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PR and Credibility
By: Gerard E. Mayers
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One of the worst things to befall a PR professional is suffering a loss of credibility. The same can be true for a sitting President of the United States. Bad PR can derail a sitting President just as much as a serious credibility gap. The loss of credibility concerning the Vietnam War is largely what cost Lyndon Johnson his chances for reelection; the same occurred with his successor, Richard Nixon, over Watergate.

Two recent columns in the Wall Street Journal seem to suggest that the current occupant of 1600 Pennsylvania Avenue has had that happen to him. Evidence appears to suggest that a major portion of the electorate no longer believes what Mr Obama says. In his recent WSJ article, Daniel Henninger says that continued fallout from the September 11 attack on the US Consulate in Benghazi, Libya that resulted in the death of our Ambassador to Libya and three other Americans has seriously undermined the credibility of the Obama Administration and harmed, perhaps irreparably, his reelection campaign. He noted, Obama’s “clumsy handling of Benghazi, however, has opened a gap in the president's credibility. What else can explain Mitt Romney ascending in polls to equality with the president on foreign policy and terrorism before the last debate?  ...

“Among my top five events of the 2012 election will be that fellow in the town-hall debate who said, "I'm not that optimistic," and asked the president to address what he's doing about "everyday living" in America. He was asking the president he voted for why he should still believe. Mr. Obama diverted into telling him about ending Iraq and killing bin Laden. Instead of presidential assurance, he got talking points. His weird, persistent vagueness about the shape of a second-term agenda has sown doubt about the economy going forward. Only now is that agenda being revealed, more or less, with a 20-page pamphlet, ‘The New Economic Patriotism.’ A new Obama ad urges viewers to ‘read it.’"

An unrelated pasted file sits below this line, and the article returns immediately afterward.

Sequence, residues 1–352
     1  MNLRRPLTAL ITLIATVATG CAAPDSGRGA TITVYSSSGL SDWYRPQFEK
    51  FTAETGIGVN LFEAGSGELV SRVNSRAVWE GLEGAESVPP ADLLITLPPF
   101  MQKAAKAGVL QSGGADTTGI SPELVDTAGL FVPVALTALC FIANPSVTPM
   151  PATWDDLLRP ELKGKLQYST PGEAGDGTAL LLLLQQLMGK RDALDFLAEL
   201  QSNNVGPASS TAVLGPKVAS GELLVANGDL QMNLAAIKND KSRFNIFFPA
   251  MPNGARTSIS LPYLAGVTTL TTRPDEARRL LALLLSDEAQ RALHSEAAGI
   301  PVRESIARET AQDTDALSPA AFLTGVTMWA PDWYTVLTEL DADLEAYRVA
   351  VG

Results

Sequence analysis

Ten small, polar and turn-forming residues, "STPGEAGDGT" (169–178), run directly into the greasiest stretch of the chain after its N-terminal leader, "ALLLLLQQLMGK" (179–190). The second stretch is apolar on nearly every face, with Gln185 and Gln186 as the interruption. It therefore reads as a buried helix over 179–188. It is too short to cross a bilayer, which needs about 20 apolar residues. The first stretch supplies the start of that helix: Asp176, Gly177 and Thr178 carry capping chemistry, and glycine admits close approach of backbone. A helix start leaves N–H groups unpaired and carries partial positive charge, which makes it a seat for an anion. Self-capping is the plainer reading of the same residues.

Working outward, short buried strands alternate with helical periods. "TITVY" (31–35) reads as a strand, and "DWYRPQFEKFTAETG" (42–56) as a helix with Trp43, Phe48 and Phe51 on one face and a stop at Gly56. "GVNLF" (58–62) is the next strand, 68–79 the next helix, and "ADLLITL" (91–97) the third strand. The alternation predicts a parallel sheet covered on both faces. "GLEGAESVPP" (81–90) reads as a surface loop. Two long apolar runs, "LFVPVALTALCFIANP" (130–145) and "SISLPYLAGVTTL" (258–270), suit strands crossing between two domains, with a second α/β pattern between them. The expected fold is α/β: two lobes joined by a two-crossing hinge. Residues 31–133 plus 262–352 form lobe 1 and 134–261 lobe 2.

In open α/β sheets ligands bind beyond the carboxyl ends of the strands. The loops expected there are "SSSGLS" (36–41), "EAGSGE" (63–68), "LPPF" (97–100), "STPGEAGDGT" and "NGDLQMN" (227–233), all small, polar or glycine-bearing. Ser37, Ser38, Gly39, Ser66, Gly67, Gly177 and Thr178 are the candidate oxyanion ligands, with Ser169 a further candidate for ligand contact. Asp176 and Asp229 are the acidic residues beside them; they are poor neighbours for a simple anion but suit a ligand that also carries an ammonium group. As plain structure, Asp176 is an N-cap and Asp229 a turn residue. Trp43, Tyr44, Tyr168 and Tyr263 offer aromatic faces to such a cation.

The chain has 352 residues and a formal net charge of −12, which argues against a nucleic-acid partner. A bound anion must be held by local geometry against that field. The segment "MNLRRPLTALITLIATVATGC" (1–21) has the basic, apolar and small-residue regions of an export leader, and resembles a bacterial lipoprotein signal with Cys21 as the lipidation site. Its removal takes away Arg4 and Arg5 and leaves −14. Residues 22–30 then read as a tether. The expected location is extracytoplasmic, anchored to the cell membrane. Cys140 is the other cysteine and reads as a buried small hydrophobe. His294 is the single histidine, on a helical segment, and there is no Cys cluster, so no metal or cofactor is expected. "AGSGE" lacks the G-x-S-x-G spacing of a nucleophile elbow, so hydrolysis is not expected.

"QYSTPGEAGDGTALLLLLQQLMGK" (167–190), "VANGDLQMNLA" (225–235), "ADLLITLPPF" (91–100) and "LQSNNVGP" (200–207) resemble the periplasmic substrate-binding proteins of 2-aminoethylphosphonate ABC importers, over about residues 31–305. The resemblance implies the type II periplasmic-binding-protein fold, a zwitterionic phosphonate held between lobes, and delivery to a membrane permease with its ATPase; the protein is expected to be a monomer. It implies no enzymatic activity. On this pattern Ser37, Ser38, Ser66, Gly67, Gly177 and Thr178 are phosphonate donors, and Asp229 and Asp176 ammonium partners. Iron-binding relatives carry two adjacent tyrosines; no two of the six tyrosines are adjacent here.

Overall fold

As Karl Rove noted in a different article also appearing in the WSJ, “The Obama campaign strategy also has three elements. The first was embodied in a glossy 20-page pamphlet issued Tuesday, entitled ‘The New Economic Patriotism: A Plan for Jobs & Middle-Class Security.’ Mr. Obama is distributing 3.5 million copies of it nationwide but it is too late: Voters concluded months ago that he lacks a forward-looking program. The pamphlet itself is a second-rate repackaging of Mr. Obama's lackluster convention speech and has been rightly dismissed by many in the press as a PR ploy. Even an accompanying TV ad swing won't rescue Mr. Obama.”

Henninger ended his article on the credibility gap Obama faces by commenting, “It may be that voters think both candidates have stretched the truth, but credibility is the coin of a presidency. The political cost of devaluing that coin is higher for an incumbent seeking a second term and higher still for this one. Two weeks from Election Day, Barack Obama has been shown in Benghazi to be a president with feet of clay. It may well take him down.”

In less than two weeks, we will see.

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About the Author
Gerard E. "Gerry" Mayers writes about PR and other relevant topics for PR professionals. A former PR manager for Sensor Products, Inc. (currently based in Madison, NJ), he lives in Milford, NJ.
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